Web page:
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5112 2013-8-18 01:05 PM

electron transition and angular momentum

transition from s orbitals can only involve p orbitals because photons carry angular momentum (from my lecture notes).
is it because the photon that strikes out the electron from s orbital carries angular momentum, by conservation of momentum, electron must be transitted according to this angular momentum and filled into either x,y,z axis of p orbital?

as d orbital carries different angular momentum as well, is it possible for electron from s orbital be transitted into d orbital by the same principle that involved in s-->p orbital electron transition?

thanks at all

jmlo 2013-8-18 02:27 PM

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[quote] transition from s orbitals can only involve p orbitals because photons carry angular momentum (from my lecture notes).
is it because the photon that strikes out the electron from s orbital carries angular momentum, by conservation of momentum, electron must be transitted according to this angular momentum and filled into either x,y,z axis of p orbital? [/quote]
This is an explanation for the Laporte selection rule in atomic spectra. Due to the conservation of angular momentum, when a photon, which has an angular momentum of 1, is absorbed, then the excited electron should have an increase of orbital angular momentum of 1. Similarly, when a photon is emitted, the de-excited electron should have a decrease of orbital angular momentum of 1.

However, note that this account does not reflect the actual origin of the observed selection rule, despite making complete physical sense and being easily understandable. Recall what we have learnt in the quantum theory of atoms. The transition of an electron between two energy levels is dictated by the transition moment integral (I presume you have learnt this from your physical chemistry class, haven't you?). By group theory, a non-zero integral results when the transition dipole integral belongs to the totally symmetric representation of the atom. This restriction is fulfilled for atoms if the initial state and final state are of opposite parity.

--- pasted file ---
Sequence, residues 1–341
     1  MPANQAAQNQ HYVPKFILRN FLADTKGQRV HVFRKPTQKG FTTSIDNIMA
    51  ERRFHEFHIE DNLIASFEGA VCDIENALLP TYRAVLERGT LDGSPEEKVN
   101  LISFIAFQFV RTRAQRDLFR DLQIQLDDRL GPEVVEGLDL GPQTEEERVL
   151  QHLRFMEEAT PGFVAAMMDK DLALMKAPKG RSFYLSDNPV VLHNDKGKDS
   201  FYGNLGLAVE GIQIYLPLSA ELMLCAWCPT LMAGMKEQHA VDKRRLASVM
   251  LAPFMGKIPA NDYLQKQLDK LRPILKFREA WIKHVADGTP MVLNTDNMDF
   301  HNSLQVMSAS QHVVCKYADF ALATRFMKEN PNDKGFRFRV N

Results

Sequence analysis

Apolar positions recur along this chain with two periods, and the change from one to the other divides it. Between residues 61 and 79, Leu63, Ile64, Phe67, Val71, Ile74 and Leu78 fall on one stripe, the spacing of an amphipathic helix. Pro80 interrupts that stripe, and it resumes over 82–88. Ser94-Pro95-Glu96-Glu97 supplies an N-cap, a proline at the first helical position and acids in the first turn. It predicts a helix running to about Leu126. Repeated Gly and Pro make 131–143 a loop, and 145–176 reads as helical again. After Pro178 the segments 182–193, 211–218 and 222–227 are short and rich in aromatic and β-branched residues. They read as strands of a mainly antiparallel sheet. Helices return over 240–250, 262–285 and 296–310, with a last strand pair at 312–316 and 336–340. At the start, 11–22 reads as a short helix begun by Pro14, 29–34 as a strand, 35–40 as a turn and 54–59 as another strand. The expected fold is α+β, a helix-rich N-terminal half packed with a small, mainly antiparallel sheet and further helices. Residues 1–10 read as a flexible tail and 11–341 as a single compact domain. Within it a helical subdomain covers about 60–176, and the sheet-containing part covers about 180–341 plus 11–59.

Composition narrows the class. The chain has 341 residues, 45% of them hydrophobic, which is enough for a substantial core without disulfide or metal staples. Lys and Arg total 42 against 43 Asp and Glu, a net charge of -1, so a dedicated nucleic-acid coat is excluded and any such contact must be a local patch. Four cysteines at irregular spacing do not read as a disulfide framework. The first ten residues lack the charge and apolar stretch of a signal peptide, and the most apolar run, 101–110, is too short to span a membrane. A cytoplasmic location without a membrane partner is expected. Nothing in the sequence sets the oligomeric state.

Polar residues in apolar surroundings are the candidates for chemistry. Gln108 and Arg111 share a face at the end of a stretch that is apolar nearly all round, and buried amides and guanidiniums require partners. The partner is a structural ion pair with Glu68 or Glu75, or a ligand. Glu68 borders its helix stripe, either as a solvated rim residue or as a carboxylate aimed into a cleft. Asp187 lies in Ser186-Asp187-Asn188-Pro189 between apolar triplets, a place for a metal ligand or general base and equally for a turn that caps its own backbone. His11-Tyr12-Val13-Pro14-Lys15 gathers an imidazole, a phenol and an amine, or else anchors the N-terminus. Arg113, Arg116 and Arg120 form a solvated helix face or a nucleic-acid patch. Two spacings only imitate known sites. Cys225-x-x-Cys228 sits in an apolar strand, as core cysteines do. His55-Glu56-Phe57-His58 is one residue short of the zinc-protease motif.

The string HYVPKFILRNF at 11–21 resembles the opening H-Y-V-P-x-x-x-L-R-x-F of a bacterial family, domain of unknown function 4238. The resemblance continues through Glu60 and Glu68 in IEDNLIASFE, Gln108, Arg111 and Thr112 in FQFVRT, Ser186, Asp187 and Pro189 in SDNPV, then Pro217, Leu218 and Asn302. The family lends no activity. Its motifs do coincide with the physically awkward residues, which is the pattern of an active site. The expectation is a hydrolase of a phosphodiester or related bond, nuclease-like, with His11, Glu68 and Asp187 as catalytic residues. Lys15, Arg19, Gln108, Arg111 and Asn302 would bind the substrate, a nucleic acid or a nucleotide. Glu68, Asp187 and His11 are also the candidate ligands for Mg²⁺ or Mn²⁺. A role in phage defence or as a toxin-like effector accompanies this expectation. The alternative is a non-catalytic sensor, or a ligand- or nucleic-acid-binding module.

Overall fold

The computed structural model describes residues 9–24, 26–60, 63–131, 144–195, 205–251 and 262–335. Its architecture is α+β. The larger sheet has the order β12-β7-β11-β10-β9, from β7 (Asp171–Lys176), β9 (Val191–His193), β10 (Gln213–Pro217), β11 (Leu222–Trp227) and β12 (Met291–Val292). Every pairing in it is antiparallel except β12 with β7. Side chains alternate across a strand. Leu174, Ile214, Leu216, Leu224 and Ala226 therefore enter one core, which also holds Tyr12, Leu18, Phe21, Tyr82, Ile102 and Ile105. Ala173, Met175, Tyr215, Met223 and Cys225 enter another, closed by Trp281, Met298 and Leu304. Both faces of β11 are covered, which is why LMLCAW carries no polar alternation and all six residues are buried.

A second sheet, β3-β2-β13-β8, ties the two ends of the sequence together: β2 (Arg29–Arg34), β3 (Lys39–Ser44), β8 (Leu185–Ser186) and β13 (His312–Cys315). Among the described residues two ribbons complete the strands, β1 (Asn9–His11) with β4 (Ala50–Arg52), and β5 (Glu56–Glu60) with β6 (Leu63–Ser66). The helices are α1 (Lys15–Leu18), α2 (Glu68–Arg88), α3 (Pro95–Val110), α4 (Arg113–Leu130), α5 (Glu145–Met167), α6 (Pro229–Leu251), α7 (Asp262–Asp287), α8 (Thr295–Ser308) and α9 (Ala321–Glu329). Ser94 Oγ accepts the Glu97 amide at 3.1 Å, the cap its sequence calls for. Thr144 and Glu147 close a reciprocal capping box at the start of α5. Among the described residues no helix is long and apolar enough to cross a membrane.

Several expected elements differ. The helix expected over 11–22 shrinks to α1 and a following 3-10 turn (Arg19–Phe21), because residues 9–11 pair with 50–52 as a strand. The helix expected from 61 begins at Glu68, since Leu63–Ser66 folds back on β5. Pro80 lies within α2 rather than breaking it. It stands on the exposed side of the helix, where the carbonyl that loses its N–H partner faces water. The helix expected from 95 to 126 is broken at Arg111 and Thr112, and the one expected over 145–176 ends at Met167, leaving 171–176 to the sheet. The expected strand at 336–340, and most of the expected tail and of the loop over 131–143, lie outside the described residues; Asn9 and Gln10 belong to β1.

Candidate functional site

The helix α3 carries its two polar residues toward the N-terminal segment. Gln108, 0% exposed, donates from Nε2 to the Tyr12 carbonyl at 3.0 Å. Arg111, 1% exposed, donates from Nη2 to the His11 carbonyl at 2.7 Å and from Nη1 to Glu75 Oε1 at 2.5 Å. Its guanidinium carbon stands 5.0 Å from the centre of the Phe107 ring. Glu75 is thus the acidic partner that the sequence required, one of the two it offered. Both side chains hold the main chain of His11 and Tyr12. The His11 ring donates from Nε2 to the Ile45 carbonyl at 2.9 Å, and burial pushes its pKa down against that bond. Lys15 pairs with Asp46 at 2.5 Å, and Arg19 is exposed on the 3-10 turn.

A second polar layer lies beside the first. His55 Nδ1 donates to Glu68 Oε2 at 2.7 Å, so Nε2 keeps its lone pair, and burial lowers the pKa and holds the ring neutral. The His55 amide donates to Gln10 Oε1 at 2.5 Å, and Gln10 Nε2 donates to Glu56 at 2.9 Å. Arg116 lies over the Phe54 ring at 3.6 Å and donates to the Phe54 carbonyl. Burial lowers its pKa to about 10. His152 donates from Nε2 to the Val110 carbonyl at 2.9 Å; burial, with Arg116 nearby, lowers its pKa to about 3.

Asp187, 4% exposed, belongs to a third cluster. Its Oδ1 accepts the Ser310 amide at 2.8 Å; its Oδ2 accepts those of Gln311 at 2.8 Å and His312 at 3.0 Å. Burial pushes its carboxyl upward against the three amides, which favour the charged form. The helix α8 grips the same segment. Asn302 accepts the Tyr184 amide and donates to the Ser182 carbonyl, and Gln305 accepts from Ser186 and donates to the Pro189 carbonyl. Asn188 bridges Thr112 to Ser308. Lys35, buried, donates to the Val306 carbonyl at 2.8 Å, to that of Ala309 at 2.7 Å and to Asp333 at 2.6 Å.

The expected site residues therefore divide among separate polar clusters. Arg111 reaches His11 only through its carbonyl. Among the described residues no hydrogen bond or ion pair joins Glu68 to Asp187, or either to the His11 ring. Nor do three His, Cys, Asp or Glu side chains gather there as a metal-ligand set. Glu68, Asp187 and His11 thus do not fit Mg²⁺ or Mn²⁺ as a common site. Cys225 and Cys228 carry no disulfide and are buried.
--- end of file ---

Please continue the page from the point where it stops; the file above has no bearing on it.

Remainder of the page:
To put it in a more general way, it means that the transition dipole moment integral is not zero (or in other words, a non-zero probability of transition) if the electron jumps between two orbitals whose symmetry is different. Why is s ---> p transition possible? It is better seen by drawing the 3D shapes of s and p orbitals of an atom. The s orbital is spherical which has no inversion centre. On the other hand, the p orbitals have inversion centre at the origin (i.e., it changes sign when going from one end to the other). It means that the s and p orbitals are of opposite symmetry, and thus the transition dipole moment integral is not zero.

[quote]  as d orbital carries different angular momentum as well, is it possible for electron from s orbital be transitted into d orbital by the same principle that involved in s-->p orbital electron transition? [/quote]
No, this transition is not possible under usual conditions. There are two reasons. Firstly, since both s and d orbitals have no inversion centre, they are of the same symmetry, and thus the resulting transition dipole moment integral is always zero. Secondly, if you look at the details of the calculations of transition dipole moments, you will see that the Laporte selection rule based on quantum mechanics states that the allowed change of orbital angular momentum is +/- 1. As the s orbital has l = 0 while the d orbitals have l = 2, the transition between these orbitals is not allowed.
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